Photo of a FLOW Staff and Board retreat on the Boardman River in Grand Traverse County in September.
When Ohio’s Cuyahoga River caught fire in 1969—the same year Michigan’s Rouge River blazed because of waste oil—America had had enough of worsening water pollution. Public opinion strongly favored tougher laws and enforcement to protect water.
It took a little more than three years, but on October 18,1972, overriding a veto by President Richard Nixon, Congress enacted what has come to be known as the federal Clean Water Act. Along with considerable federal aid for construction of municipal sewage treatment facilities, the Act called for water quality standards and action by the states to implement the law and achieve the benchmarks.
The law resulted in dramatic, initial progress. Visible pollution in the nation’s lakes and streams declined; the reduction in algal blooms achieved by restricting phosphorus pollution restored the health of Lake Erie, which had been declared dead by the news media. Rivers no longer burned. Many beaches were safe and attractive for swimming again.
The Act was ambitious. It set the goal of rendering all of the nation’s waters fishable and swimmable by 1983, and for the end of water pollution discharges by 1985—goals that are far from being met today. According to a 2017 report to Congress by the U.S. Environmental Protection Agency (EPA):
- Rivers and streams—A 2008 assessment found that 46% of U.S. river and stream miles were in poor biological condition; phosphorus and nitrogen were the most widespread of the chemical stressors assessed.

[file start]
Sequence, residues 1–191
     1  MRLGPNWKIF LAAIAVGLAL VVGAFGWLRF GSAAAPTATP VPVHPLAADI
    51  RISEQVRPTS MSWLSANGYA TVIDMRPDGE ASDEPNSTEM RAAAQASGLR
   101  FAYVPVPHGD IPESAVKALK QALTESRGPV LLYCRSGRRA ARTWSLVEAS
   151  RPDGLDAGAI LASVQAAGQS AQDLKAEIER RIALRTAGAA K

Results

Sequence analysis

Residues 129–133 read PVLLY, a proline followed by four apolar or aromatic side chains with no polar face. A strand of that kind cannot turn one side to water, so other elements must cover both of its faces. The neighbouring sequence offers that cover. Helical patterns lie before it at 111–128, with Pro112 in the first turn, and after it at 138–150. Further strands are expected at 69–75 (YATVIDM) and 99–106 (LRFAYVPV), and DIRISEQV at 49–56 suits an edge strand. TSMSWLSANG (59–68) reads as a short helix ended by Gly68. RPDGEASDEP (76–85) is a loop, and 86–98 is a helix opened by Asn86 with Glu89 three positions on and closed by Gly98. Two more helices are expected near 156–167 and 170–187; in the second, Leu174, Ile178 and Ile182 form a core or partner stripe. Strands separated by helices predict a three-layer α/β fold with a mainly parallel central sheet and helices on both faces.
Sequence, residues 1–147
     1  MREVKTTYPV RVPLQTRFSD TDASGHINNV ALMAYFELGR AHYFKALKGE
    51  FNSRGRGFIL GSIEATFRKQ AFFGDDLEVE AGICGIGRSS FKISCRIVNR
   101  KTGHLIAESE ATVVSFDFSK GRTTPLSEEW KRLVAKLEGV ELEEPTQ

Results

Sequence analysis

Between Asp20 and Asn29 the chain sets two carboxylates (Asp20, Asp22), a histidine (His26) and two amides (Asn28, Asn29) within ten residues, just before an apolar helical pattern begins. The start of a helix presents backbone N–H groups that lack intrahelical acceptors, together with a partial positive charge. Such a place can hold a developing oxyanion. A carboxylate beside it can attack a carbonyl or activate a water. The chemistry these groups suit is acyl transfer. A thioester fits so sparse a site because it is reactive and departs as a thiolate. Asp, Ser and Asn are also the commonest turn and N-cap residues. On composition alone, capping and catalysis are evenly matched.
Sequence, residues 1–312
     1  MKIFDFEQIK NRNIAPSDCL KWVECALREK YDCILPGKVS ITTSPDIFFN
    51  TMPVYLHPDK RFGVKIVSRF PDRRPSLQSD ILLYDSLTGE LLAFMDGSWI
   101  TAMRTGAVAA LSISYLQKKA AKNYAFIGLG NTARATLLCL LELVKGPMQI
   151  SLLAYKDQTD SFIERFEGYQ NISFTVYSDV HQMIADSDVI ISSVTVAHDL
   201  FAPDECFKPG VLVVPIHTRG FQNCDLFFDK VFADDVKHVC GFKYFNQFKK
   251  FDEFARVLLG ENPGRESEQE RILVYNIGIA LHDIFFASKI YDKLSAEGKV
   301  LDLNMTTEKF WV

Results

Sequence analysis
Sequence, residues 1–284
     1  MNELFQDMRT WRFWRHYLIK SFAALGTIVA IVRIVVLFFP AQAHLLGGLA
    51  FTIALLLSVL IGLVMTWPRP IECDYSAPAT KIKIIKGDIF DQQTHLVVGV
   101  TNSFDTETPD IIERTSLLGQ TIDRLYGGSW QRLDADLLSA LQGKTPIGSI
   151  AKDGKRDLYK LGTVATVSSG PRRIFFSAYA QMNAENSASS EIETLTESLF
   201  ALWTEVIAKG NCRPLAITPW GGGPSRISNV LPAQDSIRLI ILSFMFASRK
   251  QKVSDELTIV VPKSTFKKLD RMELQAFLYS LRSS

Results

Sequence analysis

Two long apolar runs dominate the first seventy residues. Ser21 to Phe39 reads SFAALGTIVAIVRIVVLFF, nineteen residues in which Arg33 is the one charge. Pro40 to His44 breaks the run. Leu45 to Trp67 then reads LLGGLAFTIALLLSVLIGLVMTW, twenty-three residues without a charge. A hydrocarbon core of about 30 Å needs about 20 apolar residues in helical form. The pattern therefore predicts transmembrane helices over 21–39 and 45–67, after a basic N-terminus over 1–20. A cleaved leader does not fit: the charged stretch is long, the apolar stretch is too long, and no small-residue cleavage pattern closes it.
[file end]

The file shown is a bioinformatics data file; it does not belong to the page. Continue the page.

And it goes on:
- Lakes, ponds, and reservoirs—The National Lakes Assessment 2012 found that 21% of the nation’s lakes were hypereutrophic (i.e., with the highest levels of nutrients, algae, and plants). Phosphorus and nitrogen were the most widespread stressors in lakes.
- Coastal waters—According to a 2010 study, 18% of the nation’s coastal and Great Lakes waters were in poor biological condition, and 14% were rated poor based on a water quality index. Phosphorus is the leading stressor contributing to the poor water quality index rating.
- Wetlands—A 2011 assessment found that 32% of the nation’s wetland area was in poor biological condition, with leading stressors including surface hardening (soil compaction) and vegetation removal.
The mixed condition of the nation’s waters is due to a combination of funding cuts for sewage treatment plants, population growth and expanded urban/suburban runoff, the expansion of large factory farms, and inconsistent enforcement.
Still, the Clean Water Act has resulted in significant progress in Michigan since 1972. A majority of inland lakes, the Great Lakes, and rivers meet water quality standards for swimming and other full body recreation.
Two limitations of the Clean Water Act are that it does not protect most groundwater (45% of Michigan’s population is served by drinking water from wells) and provisions that mostly exempt agriculture, a significant contributor to bacteriological and phosphorus pollutants to the nation’s waters. An exception to the latter loophole is a requirement that large livestock operations apply for Clean Water Act permits.
There have been numerous amendments to the Act since 1972. Title I of the Great Lakes Critical Programs Act of 1990, for example, put into place parts of the U.S.-Canada Great Lakes Water Quality Agreement of 1978, where the two nations agreed to reduce certain toxic pollutants in the Great Lakes. That law required the EPA to establish water quality criteria for the Great Lakes addressing 29 toxic pollutants with maximum levels that are safe for humans, wildlife, and aquatic life.
Strengthening the Act should be on the agenda of the next session of Congress. To truly fulfill its promise, increased sewage treatment funding and more effective approaches to urban and farm runoff are critical. Perhaps the 50th birthday of the Act, in 2022, can bring America’s waters closer to the vision the Act’s authors had in 1972.